We, as a city, will not tolerate buildings in disrepair and families facing lives in rental units that are inadequate by any standard of decency. If you operate a rental unit and it is in disrepair, fix it…or face the consequences. I am committed to making The City Beautiful just that…for all of our neighborhoods.

Today I am submitting to you a budget that maintains our commitment to our new community centers in Rosemont and College Park, the new pool at the Smith Center, an addition for Dover Park, improvements at Barker Park and the additional projects that we approved in the last budget when we made the decision to take advantage of market conditions and create a two-year capital construction improvement package for our neighborhoods.

As I submit this budget to you today I want to again, as I did last year, thank our city employees and point out the incredible job they do for our citizens…they love their jobs and this city. Even in these difficult economic times we cannot ask our city employees to go year-to-year without a salary increase and so again this year my budget recommendation is for a 2 percent increase across the board for our city employees.

As contracts run their course, all employees need to know and understand that it is at my direction that all wage increases must mirror the 2 percent that we are providing for our employees across the board whether you are in a collective bargaining unit or not.

In an effort to balance our budget without raising property taxes, we have restructured our utility enterprise funds so they will provide our city general fund with a dividend from time-to-time, much like the dividend we receive annually from OUC. This year the dividend from utility enterprise funds is $6.3 million, dollars that we will use to close the budget gap and still maintain the reserves we need in each of these funds.

This year our risk management fund will produce dividends of $2.6 million as a result of the prudent management of our liabilities.

In an effort to further close the gap, I have asked our cabinet members and day-to-day managers to manage their personnel budgets with extreme acuity and to spend only 97 percent of those budgets in the upcoming fiscal year. At any given time this past fiscal year we had between 150-300 positions unfilled as a result of normal staff attrition and with prudent management our managers will be able to maintain service levels, fill open positions in a timely manner and keep the city budget balanced.

Finally, with the adoption of our fiscal management polices relating to our general fund reserves, I am comfortable in including in this budget a recommendation to allocate $7 million from our reserves, leaving our city with a general fund reserve balance of $47 million.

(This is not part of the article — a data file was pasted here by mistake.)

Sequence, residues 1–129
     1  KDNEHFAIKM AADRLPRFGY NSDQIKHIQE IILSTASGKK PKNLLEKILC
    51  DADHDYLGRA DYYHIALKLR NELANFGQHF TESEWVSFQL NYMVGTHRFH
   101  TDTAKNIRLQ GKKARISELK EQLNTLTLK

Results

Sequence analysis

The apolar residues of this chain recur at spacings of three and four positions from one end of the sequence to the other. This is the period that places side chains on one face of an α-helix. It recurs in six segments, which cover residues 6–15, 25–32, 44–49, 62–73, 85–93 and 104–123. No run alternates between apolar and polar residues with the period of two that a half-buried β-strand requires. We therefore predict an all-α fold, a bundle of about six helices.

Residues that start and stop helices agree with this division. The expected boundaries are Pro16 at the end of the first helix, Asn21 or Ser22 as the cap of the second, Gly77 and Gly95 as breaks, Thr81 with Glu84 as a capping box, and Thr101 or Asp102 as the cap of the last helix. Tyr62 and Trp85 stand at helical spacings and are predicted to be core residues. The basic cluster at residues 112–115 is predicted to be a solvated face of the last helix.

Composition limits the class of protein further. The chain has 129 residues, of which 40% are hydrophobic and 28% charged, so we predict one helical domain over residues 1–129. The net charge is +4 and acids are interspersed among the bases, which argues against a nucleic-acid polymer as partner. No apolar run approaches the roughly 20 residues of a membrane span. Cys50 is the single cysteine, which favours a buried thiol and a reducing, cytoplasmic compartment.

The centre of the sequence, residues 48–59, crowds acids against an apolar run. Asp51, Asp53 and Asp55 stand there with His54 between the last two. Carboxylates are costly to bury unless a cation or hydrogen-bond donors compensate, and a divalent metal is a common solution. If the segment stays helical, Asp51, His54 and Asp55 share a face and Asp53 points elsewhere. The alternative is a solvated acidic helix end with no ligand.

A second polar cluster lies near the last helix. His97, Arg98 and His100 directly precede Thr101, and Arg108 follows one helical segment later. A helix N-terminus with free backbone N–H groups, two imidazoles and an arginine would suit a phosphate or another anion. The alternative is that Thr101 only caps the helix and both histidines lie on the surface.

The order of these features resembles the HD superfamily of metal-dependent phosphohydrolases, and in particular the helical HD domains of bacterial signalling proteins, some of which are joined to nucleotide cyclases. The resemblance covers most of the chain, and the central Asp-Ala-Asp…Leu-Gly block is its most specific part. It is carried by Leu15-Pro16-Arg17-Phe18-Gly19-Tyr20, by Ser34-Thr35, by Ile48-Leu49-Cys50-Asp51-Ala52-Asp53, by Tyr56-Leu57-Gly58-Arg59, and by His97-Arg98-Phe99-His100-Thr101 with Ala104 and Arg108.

Fellow City Council members, Florida Statue Section 166.241 requires that I present you with a balanced budget of $604,054,499 (six hundred four million, fifty four thousand, four hundred ninety nine dollars). Today I am proud to do just that and at this time I will ask Deborah Girard, our Director of Management, Budget and Accounting, to take you through the specifics of the budget.

On September 13 and September 27, 2004, the City Council will conduct public hearings on the budget starting at 5:01 p.m. on both days and those hearings will be held in City Council Chambers.

Thank You.

July 25, 2005
City Hall

Thank you Commissioner Sheehan for that warm welcome.

Good morning Commissioners. I am here to present to you, the Orlando City Council a budget for fiscal year 2005-2006, which begins on October 1, 2005, and runs through September 30, 2006.

I want to thank and recognize all of the people in the audience and watching at home today for taking the time to be a part of this very important process. Your participation and concern is key to helping us, your elected officials, lead, and manage our City in the best interest of all our citizens.

I would also like to thank our City Commissioners who have spent numerous hours over the past several weeks participating in budget hearings and reviewing volumes of information to ensure the City is maximizing our resources. This administration and this City council have strived to provide citizens with an unprecedented level of access to our budgetary and fiscal information. These hearings were open to the public and broadcast live on Orange TV. In addition, this budget address will be posted on our Web site immediately, and the 2005-2006 adopted budget will be available online for the start of the fiscal year, in October.

Before I address the budget, there is one more group of people that I must recognize for their efforts. They are our frontline City employees… the people that interact with our citizens everyday. They are the face of our City, the men and women who I believe provide the highest level of public services in all of Florida.